...The problem, however, is not unique to the 9/11 memorial, but posed by tall, brightly lit buildings in most major cities.
To limit the toll, New York Audubon organized the Lights Out New York program, for which many prominent commercial structures — including the Chrysler Building and Rockefeller Center — turn off or mask their lights during the migration season.
“As soon as they could get any visual horizon, they could use that as a cue and navigate their way out,”
My take: birds spend a lot of time getting into shape for migration - for some species, eating enough and getting their feathers into condition is a fine balance between success and failure. How much energy do the birds consume when they are trapped in the light beams? They may fly off when the lights are switched off, but do they have enough energy for the journey?
"Volunteers from New York Audubon identified American Redstarts and Yellow Warblers. Wood Thrushes, Bicknell’s Thrushes, Baltimore Orioles and various species of Tanager..."
These are not large birds, so the toll on their energy reserves and the margin for error in their flight calculations may be slight.Amplify’d from www.wired.com
On the evening of the ninth anniversary of 9/11, the twin columns of light projected as a memorial over the World Trade Center site became a source of mystery.
Illuminated in the beams were thousands of small white objects, sparkling and spiraling, unlike anything seen on other nights. Some viewers wondered if they were scraps of paper or plastic caught in updrafts from the spotlights’ heat. From beneath, it was at times like gazing into a snowstorm. It was hard not to think of souls.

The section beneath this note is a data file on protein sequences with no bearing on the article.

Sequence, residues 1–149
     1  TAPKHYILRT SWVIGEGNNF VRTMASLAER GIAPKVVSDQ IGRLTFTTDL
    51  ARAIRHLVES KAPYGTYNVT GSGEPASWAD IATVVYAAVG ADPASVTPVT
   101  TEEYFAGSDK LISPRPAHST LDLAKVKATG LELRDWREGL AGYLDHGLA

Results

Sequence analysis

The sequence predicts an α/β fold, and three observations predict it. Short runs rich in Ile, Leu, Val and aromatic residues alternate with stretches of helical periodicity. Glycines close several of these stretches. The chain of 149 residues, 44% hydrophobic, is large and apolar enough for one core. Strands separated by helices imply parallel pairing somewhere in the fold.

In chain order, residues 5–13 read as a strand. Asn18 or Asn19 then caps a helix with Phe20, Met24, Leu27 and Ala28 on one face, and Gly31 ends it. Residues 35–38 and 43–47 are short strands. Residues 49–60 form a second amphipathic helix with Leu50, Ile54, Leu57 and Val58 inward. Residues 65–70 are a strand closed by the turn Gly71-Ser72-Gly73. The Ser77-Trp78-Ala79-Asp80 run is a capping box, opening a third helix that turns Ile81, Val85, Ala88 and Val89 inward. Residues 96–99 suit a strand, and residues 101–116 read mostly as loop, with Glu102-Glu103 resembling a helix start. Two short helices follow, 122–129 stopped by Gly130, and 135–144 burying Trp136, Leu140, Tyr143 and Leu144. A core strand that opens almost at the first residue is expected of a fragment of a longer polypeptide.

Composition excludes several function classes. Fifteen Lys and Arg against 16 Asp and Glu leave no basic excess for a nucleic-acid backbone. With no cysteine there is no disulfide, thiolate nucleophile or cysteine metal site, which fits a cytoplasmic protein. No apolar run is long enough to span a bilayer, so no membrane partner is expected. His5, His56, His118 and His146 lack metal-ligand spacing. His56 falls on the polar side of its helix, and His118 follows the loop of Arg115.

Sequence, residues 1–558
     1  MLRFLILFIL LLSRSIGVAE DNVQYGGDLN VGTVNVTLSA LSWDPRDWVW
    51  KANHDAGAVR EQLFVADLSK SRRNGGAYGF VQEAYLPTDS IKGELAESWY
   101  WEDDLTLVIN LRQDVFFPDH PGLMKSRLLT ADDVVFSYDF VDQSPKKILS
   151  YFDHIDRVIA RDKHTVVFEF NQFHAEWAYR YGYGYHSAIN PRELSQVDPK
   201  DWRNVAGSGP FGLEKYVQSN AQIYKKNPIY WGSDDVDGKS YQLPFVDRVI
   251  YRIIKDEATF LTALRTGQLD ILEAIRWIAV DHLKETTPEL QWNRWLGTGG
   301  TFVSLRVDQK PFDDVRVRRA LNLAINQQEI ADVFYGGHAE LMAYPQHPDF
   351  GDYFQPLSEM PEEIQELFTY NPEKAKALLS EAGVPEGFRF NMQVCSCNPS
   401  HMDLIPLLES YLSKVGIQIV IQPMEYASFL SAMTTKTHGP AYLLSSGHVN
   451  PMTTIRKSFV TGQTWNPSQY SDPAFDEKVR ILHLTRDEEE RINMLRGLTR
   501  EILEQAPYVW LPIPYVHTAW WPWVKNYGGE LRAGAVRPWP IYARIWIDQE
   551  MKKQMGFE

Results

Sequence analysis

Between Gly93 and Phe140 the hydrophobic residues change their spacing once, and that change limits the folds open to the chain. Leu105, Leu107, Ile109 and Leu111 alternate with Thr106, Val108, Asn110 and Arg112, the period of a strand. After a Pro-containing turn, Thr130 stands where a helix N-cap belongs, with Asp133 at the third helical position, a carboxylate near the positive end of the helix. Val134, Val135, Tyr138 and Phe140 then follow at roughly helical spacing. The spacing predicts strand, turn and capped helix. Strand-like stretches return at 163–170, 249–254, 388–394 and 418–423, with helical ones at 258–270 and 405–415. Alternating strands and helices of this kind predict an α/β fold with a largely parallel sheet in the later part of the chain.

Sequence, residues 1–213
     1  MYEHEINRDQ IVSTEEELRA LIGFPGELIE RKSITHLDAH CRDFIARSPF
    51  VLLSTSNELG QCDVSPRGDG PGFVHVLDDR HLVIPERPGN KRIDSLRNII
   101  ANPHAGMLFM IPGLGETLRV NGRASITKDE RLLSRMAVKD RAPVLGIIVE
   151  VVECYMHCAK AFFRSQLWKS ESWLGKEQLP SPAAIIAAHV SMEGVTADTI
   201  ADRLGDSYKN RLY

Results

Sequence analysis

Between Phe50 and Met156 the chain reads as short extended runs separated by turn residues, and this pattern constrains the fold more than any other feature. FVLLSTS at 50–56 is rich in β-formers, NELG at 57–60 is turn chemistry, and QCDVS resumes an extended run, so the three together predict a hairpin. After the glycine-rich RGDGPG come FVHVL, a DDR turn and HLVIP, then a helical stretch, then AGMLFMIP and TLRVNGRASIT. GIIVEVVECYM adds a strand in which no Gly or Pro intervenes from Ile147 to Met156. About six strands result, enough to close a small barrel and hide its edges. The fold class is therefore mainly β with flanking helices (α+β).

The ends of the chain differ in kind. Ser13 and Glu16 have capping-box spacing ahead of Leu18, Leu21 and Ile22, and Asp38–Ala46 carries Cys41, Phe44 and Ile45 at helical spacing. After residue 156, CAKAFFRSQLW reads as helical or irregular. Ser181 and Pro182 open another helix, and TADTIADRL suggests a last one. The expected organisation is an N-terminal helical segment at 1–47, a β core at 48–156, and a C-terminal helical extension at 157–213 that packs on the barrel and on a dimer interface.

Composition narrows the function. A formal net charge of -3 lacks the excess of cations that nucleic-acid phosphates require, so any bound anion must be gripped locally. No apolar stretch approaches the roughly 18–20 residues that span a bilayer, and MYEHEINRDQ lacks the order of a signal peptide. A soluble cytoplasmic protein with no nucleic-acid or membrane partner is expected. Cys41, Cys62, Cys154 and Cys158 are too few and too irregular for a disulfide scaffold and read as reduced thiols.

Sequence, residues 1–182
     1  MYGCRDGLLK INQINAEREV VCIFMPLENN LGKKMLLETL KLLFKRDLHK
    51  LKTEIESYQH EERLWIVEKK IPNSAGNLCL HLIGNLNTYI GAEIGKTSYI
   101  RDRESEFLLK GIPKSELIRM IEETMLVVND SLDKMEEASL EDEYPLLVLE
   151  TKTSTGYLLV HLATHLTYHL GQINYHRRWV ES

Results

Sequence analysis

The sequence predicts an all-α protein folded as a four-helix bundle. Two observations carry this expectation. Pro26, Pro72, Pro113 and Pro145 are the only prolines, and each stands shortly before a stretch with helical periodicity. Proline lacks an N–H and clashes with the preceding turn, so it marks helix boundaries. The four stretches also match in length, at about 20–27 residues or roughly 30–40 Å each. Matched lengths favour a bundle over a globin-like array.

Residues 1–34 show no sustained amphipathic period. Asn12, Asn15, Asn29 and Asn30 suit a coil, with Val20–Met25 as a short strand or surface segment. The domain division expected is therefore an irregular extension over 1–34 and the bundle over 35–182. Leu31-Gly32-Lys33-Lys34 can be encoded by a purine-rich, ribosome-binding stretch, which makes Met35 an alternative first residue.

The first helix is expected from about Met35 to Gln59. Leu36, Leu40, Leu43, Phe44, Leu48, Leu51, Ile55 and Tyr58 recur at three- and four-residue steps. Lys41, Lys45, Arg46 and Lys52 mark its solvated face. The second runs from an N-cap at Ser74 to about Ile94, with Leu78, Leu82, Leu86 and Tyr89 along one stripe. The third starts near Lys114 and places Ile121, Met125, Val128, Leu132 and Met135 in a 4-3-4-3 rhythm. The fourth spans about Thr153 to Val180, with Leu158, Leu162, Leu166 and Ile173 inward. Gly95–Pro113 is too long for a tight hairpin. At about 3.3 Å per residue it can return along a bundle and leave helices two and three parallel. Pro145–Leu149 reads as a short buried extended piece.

Those unidentified objects have now been identified as birds, pulled from their migratory path and bedazzled by the light in a perfect, poignant storm of avian disorientation.
During the previous week, weather was bad for migration. Tropical storm systems moved north up the U.S. East Coast, pushing against birds headed south. To conserve energy, migratory birds prefer tailwinds, and are willing to wait for good weather.
“Birds were coming down from the north and piling up, waiting to push southwards,” said Rowden.
To navigate, birds rely on a variety of internal compass mechanisms, which are calibrated to Earth’s geomagnetic fields by sunlight, starlight and moonlight. On Sept. 11, the new moon was just two nights old, a thumbnail sliver. In such conditions, birds rely on starlight, but parts of the lower Manhattan sky were overcast.
Rowden estimates that 10,000 birds entered the beams, becoming confused and circling until the Municipal Art Society, working with New York City Audubon, shut the lights for 20 minutes, allowing the birds to leave. That happened five times over the course of the night.
Read more at www.wired.com
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